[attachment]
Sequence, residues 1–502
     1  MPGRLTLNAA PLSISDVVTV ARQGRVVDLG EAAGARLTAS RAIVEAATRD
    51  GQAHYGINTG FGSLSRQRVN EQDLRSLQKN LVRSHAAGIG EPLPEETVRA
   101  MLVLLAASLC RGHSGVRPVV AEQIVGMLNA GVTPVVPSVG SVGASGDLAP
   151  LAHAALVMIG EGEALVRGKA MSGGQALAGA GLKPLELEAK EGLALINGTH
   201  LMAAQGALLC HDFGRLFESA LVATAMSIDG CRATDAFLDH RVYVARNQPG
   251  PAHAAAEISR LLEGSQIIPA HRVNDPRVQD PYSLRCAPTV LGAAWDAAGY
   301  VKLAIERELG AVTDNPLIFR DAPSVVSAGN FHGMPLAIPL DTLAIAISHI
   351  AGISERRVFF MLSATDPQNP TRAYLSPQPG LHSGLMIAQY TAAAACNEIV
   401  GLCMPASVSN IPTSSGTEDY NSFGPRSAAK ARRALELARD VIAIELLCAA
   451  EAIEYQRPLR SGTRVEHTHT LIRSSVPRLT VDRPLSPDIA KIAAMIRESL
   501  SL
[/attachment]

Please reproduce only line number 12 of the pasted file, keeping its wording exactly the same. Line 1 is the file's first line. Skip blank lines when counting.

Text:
   501  SL